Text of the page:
How to Prune Your Indoor Plants
Unlike many outdoor plants, your indoor houseplants don't require to be pruned frequently, but at some point, they will need some cleanup to look perfect. Cutting off their dead foliage, leaves, or branches encourages overall growth, therefore making them more attractive and inviting. Where some of your houseplants bring an appealing look to your living room, others might have spindly growth which will require immediate trimming. Whether it's to keep them looking clean, preparing for a move... whatever the reason is, it's imperative to understand how and when to prune your indoor plants to avoid unnecessary stress for other plants around.
Before moving ahead to the pruning instructions, read on to know when you should start pruning your houseplants!
Ideal time to prune houseplants
Typically, you should prune your houseplants at the start of their growing season. Most houseplant varieties prefer late winter or early spring seasons to be pruned. However, woody indoor houseplants don't follow this season-wise pruning as it requires pruning all year-round to get rid of dead branches and leaves. If you have flowering houseplants, you can prune them after they have completed their flowering process.
Six easy steps to prune your indoor plants efficiently
Monitor your plant’s shape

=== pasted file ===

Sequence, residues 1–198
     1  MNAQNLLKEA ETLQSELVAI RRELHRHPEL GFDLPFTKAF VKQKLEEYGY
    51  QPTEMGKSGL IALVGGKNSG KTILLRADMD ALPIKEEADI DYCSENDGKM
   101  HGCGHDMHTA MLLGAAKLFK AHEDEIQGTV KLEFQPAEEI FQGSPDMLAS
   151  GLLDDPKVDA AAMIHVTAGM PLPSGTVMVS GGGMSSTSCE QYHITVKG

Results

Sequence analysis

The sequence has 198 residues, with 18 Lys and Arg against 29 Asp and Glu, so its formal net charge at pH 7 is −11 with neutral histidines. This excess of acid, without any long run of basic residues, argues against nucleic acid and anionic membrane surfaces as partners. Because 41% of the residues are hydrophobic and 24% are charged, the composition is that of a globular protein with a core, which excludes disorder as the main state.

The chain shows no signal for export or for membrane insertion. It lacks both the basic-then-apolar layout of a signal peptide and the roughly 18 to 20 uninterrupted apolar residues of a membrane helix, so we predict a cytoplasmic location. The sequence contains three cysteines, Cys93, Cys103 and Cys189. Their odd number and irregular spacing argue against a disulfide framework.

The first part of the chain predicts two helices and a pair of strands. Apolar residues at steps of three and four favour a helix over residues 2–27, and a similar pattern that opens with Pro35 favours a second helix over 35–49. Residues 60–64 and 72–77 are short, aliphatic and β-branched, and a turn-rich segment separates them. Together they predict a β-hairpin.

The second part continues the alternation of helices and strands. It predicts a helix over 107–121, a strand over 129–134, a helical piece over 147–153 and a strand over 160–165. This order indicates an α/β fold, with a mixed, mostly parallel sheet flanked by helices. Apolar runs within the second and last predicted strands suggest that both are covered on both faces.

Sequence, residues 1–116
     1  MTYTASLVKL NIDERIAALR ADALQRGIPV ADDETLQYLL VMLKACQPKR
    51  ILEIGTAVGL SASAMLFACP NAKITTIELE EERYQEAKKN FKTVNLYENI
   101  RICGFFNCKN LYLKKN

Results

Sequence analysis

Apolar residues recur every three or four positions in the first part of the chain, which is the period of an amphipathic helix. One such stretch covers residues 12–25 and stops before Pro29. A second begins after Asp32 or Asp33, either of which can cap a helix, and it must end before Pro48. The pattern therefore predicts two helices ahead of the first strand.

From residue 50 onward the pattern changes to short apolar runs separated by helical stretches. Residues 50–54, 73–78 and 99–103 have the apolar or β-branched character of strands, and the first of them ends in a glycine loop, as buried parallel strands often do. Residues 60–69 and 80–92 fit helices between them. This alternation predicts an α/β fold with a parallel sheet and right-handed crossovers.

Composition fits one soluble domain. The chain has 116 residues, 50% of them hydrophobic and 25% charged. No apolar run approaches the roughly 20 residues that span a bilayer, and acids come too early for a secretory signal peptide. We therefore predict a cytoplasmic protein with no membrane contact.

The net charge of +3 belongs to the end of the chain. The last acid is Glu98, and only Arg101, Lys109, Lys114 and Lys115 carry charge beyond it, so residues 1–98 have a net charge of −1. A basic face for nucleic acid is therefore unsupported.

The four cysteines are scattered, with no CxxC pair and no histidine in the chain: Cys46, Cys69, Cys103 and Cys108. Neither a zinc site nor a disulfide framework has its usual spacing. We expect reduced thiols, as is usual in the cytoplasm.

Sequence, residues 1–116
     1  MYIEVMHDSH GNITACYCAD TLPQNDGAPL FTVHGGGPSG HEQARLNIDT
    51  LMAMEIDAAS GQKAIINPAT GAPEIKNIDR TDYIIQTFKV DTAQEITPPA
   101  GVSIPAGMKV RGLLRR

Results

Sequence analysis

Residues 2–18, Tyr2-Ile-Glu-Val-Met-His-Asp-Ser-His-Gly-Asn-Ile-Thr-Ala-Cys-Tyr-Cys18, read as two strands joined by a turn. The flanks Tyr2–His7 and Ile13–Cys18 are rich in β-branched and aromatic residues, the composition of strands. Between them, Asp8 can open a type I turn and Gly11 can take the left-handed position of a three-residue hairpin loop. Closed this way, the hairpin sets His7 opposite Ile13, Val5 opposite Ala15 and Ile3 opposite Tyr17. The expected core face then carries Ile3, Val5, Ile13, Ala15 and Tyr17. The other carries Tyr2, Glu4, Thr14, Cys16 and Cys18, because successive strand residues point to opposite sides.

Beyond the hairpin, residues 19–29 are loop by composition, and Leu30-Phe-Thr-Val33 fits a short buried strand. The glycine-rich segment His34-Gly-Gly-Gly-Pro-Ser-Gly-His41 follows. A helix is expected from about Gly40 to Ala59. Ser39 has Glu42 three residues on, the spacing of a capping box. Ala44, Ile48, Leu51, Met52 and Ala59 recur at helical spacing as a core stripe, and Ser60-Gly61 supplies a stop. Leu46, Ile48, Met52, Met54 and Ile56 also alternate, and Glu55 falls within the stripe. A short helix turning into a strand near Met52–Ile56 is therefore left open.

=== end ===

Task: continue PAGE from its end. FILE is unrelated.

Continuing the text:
Besides taking care of your houseplant, you should also observe its overall shape and structure. Take note if your plant has any spindly growth, seems dense on one side, or has dying flowers on it. Be sure to check specific areas of likely new development called latent buds. Generally, buds are present at a point where the leaf connects the plant stem.
Know your plant tools
If you have houseplants with thick branches like an indoor tree, pruning shears will be suitable for them. However, kitchen scissors work best for slender ones giving them a clean cut.
Cut off the dead parts
When the leaves and stems of your houseplants are dead, you need to clip or pinch them off. You can also pull out the potted plant's stem specifically at the root and wait for some time to allow the soil to dry before the next watering.
Cut off spent flowers
People who are dealing with flowering houseplants can detach every spent flower simply by pinching it off. Alternatively, you can clip these flowers back, possibly near to the main stem.
Make new cuts for fresh growth
You can encourage freshly new growth of your houseplants by making a few careful cuts. If you are dealing with smaller stems, try to cut a bit before its leaf node. For larger stems, make the cut near the main branch. However, you should ideally not remove a part of your plant more than 25 per cent.
Remember that not all houseplants like pruning
Before pruning your houseplants, you should know if they can tolerate it or not. Both Palms and Norfolk Island Pines possess a dominant terminal bud but these don't form latent buds. Therefore, if you remove the terminal bud from these plants, your plant will die and so you should never prune such plants. Likewise, orchids also can't withstand pruning. However, if you see some dead flower spikes on your orchid plant, you can remove them when they come outside their leaves. After a few months, you can hopefully expect new leaves growing on your plants.